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This VR system may help fight insomnia and treat depression

September 15, 2021
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This VR system may help fight insomnia and treat depression
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SYinotech, a South Korean digital healthcare company, is patenting a way to use virtual reality technology to relieve depression and insomnia. This invention also analyzes a user’s brainwaves to confirm the treatment’s efficacy.

Insomnia is a sleep disorder that affects at least a third of the U.S. adult population. It is characterized by one’s difficulty in falling or staying asleep. Disrupting such a vital physiological function can impact many other aspects of a person’s daily life. The human body needs sleep to heal itself and restore its chemical balance. Sleep deprivation is both physically and mentally deleterious. Regarding the latter, insomnia also happens to be a core symptom of depression.

An estimated 4.7% of Americans 18 and older have regular feelings of depression—nearly 12 million diagnosed individuals are experiencing sadness and anxiety to the detriment of their normal functioning. Depression and sleep disorders feed off each other, and their bidirectional relationship can send anyone into a deep, hard-to-escape spiral.

The patent application from SYinotech describes a VR-based cognitive training system, comprising a kiosk equipped with a VR headset, VR glove, and VR chair, as well as a brainwave detection module.

Fig. 1. A diagram showing a VR-based cognitive training system for relieving depression and insomnia according to one embodiment of the present disclosure.
Fig. 1. A diagram showing a VR-based cognitive training system for relieving depression and insomnia according to one embodiment of the present disclosure.

Supplementing the VR headset’s functionality is a glove unit that detects a user’s hand motions, and tracks its trajectory, and recognizes their touch. The VR chair unit automatically moves according to VR-based content, thereby providing the advantage of enabling a user to perform various types of experiential training. A module installed to its side would detect the movement of a person’s feet. The chair may also have voice recognition and vibration features.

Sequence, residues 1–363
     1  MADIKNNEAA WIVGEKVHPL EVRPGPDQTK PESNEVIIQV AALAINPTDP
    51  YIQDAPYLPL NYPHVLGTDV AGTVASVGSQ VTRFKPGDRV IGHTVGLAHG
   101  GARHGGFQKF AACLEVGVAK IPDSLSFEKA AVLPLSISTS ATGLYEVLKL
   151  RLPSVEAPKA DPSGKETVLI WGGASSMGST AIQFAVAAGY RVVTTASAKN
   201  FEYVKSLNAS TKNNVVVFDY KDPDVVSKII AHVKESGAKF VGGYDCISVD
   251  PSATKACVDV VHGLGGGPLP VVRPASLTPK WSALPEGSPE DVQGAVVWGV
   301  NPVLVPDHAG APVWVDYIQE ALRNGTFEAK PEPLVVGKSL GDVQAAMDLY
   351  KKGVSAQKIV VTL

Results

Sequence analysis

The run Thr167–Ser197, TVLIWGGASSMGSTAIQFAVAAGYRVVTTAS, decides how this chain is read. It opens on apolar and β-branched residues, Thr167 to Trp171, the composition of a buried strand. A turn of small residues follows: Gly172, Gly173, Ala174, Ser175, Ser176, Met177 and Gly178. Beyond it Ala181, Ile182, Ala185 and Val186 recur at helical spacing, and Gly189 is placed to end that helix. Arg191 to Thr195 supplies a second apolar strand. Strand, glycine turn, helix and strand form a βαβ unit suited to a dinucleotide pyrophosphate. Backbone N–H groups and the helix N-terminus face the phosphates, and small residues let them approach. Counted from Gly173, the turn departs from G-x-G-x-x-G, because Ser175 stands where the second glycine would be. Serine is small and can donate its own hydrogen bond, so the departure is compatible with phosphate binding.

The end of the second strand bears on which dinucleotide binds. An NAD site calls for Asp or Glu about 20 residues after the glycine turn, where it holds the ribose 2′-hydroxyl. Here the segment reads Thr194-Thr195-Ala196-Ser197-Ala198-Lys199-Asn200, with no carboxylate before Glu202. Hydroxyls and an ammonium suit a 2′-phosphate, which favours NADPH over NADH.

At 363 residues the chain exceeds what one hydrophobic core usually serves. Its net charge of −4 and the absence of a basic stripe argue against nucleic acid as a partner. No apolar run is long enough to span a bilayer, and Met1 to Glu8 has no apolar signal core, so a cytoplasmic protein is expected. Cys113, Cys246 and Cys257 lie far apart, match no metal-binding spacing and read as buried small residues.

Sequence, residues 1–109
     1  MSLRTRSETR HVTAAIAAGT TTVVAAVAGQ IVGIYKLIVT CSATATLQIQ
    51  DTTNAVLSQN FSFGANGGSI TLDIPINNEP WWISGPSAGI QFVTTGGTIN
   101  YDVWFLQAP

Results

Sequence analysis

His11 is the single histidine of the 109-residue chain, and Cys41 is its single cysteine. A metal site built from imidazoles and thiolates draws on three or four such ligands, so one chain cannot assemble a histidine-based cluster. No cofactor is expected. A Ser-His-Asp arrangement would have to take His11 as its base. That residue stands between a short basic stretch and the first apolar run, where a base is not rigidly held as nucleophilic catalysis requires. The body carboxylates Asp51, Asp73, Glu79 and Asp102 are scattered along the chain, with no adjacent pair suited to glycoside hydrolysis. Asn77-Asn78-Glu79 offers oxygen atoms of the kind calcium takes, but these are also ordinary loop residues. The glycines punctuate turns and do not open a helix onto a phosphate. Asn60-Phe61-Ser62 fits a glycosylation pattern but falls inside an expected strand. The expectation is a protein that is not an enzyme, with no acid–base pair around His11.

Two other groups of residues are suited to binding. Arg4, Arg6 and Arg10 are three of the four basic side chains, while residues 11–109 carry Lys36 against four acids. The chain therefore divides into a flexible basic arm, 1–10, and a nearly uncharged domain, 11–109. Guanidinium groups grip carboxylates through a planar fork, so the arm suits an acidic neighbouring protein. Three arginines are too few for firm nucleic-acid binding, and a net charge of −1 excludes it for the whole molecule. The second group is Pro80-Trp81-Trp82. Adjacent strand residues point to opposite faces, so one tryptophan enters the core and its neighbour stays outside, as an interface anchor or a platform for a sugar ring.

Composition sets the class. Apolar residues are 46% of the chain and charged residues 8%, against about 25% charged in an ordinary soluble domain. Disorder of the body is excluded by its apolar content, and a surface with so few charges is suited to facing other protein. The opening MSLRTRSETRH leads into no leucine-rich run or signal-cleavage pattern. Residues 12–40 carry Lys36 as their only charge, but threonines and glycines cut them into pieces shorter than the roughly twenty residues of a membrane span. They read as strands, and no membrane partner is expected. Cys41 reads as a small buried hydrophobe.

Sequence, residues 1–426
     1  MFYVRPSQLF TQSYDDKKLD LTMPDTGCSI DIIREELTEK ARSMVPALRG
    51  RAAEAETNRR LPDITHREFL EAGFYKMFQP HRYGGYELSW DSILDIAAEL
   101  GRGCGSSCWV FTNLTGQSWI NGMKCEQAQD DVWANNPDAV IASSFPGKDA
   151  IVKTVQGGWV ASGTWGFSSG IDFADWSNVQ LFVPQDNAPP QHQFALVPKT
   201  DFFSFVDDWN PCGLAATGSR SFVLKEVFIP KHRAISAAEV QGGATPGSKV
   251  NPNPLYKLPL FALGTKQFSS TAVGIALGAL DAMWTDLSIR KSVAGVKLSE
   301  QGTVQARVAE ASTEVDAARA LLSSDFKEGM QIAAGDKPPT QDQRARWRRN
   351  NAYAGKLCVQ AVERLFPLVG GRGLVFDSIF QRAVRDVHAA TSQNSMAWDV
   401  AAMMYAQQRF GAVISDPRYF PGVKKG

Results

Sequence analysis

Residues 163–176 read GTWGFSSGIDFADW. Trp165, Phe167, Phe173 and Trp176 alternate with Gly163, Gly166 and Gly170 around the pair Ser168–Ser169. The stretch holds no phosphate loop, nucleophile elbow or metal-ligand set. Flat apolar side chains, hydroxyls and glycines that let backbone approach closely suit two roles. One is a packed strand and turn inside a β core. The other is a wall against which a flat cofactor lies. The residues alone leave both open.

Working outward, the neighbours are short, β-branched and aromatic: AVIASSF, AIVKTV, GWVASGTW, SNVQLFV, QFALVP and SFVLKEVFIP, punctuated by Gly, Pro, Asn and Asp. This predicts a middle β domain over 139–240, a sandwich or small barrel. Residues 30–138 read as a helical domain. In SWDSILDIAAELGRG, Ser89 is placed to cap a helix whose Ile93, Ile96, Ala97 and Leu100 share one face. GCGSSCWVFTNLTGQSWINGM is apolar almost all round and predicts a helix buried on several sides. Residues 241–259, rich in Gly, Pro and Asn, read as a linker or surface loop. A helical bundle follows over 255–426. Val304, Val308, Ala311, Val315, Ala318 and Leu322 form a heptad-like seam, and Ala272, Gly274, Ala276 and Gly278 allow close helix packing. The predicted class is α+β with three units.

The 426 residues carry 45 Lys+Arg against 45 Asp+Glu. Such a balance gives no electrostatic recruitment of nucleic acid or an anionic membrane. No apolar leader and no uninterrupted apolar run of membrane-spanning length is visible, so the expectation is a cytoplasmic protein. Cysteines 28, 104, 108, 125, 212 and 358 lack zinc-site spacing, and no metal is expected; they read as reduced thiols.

Fig. 2. Views illustrating the VR glove unit and VR chair unit according to the present disclosure.
Fig. 2. Views illustrating the VR glove unit and VR chair unit according to the present disclosure.

The cognitive training system would employ a brainwave-connected unit to gauge users’ responses to VR content. It would specifically tune in to alpha waves, generated when people concentrate their minds and utilize information inside their brains. Importantly, they are associated with depression and insomnia. A computer would analyze the detected alpha brainwaves against reference data, as a way to check how a user is responding to treatment.

Additionally, brainwaves may enable the system to check whether an individual is experiencing VR motion sickness, which can stem from a variety of factors including the type of content being presented and the hardware being used.

Adjustments to the VR glove and chair units may be informed by the kiosk’s physical capacity measurement module, which accounts for a person’s height, weight, hand movement-related grip force, and foot movement-related knee joint flexibility, among others.

Users would be exposed to VR-based content that may be in the form of a video game that relieves depression and insomnia. SYinotech’s example was a game in which the user hits objects moving against a sandy beach background. The activity is said to induce decision-making and relieve stress through mild aerobic exercise effects.

Fig. 3. Views illustrating VR-based content according to the present disclosure.
Fig. 3. Views illustrating VR-based content according to the present disclosure.

The respective effects of VR and video games on the brain have been examined in academia, though results are fairly uneven. Researchers have found great promise in VR as a mental health tool. It has been used to re-expose individuals to positive activities, help people conquer phobias, and even equip soldiers with the coping skills needed in combat zones. Immersive VR content has also been proven as an effective sleep aid. Meanwhile, reviews of the literature show gaming’s possible negative effects on sleep, as well as its treatment potential for anxiety, depression, stress, and low mood.

SYinotech’s invention marries these two concepts, and may perhaps serve as another exploration of the applications of VR and gaming beyond entertainment and media consumption.

The featured patent application, “Virtual Reality-based Cognitive Training System For Relieving Depression And Insomnia”, was filed with the USPTO on March 13, 2020 and published thereafter on August 26, 2021. The listed applicant is SYinotech. The listed inventor is Yean Hwa Lee.

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